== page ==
Local leaders laud advent of TSA in Eisenhower West

Local leaders laud advent of TSA in Eisenhower West

By Erich Wagner and Chris Teale (Photo/Alexandria Economic Development Partnership)

City officials and business leaders are brimming with excitement following the announcement last week that the U.S. Transportation Security Administration will relocate to Alexandria.

The agency will move its approximately 3,400 employees into 500,000 square feet of existing office space at Victory Center in the Eisenhower West neighborhood in 2017. The news came at the end of a multi-year bidding process, and more than a decade since the Victory Center last had an active tenant.

Officials are hopeful the advent of a large federal tenant will spark new economic activity in the Eisenhower West corridor, a neighborhood where plans for redevelopment already are in the works.

Stephanie Landrum, CEO of the Alexandria Economic Development Partnership, said securing the TSA was among her organization’s top priorities for many months.

“Because of [Victory Center’s] size and location, and even the way it’s situated on the lot, the only likely tenant was going to be the federal government,” she said. “Every one [of these agency moves] that has come out in the last 10 years, Victory Center has competed for … so this was one of the last chances — if not the last chance — to get this building filled.

“If the TSA hadn’t chosen Victory Center, we’d probably be talking about tearing that building down or repurposing it to a noncommercial use, and that’s not something my organization would have wanted to see happen.”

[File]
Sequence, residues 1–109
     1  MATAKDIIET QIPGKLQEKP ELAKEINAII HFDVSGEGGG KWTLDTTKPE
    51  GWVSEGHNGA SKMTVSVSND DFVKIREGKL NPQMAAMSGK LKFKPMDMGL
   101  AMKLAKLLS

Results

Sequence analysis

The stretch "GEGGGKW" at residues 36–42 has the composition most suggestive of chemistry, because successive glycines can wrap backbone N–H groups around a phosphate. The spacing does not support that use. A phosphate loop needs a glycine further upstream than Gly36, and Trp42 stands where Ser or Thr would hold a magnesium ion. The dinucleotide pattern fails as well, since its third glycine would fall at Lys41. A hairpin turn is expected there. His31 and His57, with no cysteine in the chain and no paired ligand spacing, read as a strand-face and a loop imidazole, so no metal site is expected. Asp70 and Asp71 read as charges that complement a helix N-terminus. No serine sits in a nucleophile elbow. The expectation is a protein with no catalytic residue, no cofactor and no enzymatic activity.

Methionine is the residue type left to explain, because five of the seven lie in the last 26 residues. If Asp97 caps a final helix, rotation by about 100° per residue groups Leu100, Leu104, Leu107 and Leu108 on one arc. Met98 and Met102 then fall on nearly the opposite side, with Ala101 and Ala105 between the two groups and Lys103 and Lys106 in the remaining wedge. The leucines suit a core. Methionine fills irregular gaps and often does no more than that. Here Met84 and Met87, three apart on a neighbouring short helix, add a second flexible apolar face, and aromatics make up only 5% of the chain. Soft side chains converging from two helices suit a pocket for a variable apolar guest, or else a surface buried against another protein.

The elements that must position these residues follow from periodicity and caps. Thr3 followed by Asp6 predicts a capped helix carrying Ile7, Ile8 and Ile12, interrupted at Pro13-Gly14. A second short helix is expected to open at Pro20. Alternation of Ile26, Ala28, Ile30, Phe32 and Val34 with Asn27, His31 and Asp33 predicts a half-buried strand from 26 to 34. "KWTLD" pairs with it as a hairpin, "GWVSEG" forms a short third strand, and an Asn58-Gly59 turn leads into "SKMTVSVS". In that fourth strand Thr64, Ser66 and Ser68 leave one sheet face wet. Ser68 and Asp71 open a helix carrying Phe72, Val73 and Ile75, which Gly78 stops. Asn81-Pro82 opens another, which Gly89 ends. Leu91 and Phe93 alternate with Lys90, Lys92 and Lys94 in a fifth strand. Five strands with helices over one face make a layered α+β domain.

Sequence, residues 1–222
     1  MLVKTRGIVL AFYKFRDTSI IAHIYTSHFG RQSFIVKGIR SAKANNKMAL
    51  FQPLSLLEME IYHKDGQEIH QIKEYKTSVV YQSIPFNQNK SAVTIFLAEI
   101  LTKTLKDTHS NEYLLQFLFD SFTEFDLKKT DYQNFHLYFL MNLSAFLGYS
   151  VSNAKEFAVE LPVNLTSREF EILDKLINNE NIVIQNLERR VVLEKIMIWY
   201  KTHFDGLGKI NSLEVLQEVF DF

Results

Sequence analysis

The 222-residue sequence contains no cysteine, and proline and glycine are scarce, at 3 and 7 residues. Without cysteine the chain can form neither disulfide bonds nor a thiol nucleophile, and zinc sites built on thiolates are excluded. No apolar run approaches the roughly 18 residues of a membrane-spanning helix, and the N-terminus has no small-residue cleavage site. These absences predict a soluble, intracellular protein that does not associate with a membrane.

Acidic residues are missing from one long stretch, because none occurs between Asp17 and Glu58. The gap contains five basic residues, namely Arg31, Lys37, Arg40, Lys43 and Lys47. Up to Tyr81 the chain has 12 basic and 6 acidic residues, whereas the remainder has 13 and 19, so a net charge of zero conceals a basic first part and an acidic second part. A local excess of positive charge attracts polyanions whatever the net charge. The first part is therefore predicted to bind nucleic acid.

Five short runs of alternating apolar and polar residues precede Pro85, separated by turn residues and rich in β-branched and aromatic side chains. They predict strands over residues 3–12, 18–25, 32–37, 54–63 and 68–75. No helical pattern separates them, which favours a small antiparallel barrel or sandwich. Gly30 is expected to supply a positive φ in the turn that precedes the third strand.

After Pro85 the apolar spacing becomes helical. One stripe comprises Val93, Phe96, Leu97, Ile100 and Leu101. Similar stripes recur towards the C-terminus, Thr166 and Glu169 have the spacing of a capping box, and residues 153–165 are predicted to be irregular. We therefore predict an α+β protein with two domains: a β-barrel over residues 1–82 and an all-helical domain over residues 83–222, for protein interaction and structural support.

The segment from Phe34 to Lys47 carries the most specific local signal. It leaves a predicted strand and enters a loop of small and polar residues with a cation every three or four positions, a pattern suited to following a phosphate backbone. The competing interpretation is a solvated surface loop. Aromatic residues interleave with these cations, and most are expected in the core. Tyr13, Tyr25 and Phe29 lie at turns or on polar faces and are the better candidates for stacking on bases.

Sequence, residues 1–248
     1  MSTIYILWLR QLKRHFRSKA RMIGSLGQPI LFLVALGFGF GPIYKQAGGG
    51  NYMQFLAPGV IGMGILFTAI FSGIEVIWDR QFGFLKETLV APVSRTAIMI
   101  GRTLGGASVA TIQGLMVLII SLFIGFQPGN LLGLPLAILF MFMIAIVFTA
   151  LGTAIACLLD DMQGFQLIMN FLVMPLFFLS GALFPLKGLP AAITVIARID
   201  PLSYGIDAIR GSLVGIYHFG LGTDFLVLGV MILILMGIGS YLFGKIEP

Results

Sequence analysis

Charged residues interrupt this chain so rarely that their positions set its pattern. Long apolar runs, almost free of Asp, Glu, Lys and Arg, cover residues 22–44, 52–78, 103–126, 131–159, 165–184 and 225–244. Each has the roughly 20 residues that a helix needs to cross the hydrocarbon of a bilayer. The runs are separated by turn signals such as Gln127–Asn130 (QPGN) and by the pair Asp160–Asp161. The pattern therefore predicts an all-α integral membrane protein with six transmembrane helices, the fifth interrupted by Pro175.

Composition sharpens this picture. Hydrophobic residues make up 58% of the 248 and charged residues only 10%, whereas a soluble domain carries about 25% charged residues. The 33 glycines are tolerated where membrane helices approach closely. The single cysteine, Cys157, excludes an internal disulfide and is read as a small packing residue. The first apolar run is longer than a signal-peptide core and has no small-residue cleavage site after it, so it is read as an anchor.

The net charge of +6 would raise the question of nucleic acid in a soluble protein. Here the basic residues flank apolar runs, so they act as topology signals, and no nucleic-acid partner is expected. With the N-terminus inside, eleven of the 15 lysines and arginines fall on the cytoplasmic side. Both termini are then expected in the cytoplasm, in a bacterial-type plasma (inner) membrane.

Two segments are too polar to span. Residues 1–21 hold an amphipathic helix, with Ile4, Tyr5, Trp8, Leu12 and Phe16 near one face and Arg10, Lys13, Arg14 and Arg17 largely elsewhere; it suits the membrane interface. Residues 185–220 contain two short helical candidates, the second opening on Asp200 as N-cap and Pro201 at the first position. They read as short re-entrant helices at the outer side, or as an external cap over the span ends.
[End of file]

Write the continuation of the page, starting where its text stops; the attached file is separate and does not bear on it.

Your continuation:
City Manager Mark Jinks said the city offered up to $1.5 million in tax breaks per year for the agency over the course of the initial 15-year lease. Even after the tax relief, which only covers the small technology and meeting center TSA plans to build at the site, city staff anticipates $25 million in new tax revenue will enter Alexandria’s coffers. But that’s just a conservative estimate, Jinks said.

“The tax abatement is on the value of the new construction they’re doing,” he said. “The existing land and existing building will become more valuable now that it’s being leased and improved, so the taxes on those are what totals the new $25 million.

“[And] the abatement is an up-to dollar amount, and it’s only on the center portion where the TSA will be. The owners intend on subdividing the property into three pieces and developing the surface parking lots on the east and west sides, and those will be fully taxable. Those aren’t even in the [$25 million] number we’ve calculated.”

Landrum said that although the initial lease is for 15 years, she anticipates the federal government will want to extend its stay when the time comes.

“A number of research entities look at leasing in the D.C. region, and the average stay of a federal agency is 40 years,” Landrum said. “So basically, there’s a 99 percent chance that they’ll renew for an additional term. When you think about that sort of stability and what an anchor like that can build over a long-term period, the value is really great.”